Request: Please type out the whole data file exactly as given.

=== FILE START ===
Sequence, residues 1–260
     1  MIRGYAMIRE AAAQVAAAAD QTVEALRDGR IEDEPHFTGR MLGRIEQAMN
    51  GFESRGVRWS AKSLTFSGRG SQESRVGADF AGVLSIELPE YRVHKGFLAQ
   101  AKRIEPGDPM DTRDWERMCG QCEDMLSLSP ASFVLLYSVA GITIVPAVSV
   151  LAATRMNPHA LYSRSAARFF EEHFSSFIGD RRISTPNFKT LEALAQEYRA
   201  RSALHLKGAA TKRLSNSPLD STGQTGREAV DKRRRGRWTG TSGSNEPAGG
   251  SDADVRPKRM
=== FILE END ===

Sequence, residues 1–260
     1  MIRGYAMIRE AAAQVAAAAD QTVEALRDGR IEDEPHFTGR MLGRIEQAMN
    51  GFESRGVRWS AKSLTFSGRG SQESRVGADF AGVLSIELPE YRVHKGFLAQ
   101  AKRIEPGDPM DTRDWERMCG QCEDMLSLSP ASFVLLYSVA GITIVPAVSV
   151  LAATRMNPHA LYSRSAARFF EEHFSSFIGD RRISTPNFKT LEALAQEYRA
   201  RSALHLKGAA TKRLSNSPLD STGQTGREAV DKRRRGRWTG TSGSNEPAGG
   251  SDADVRPKRM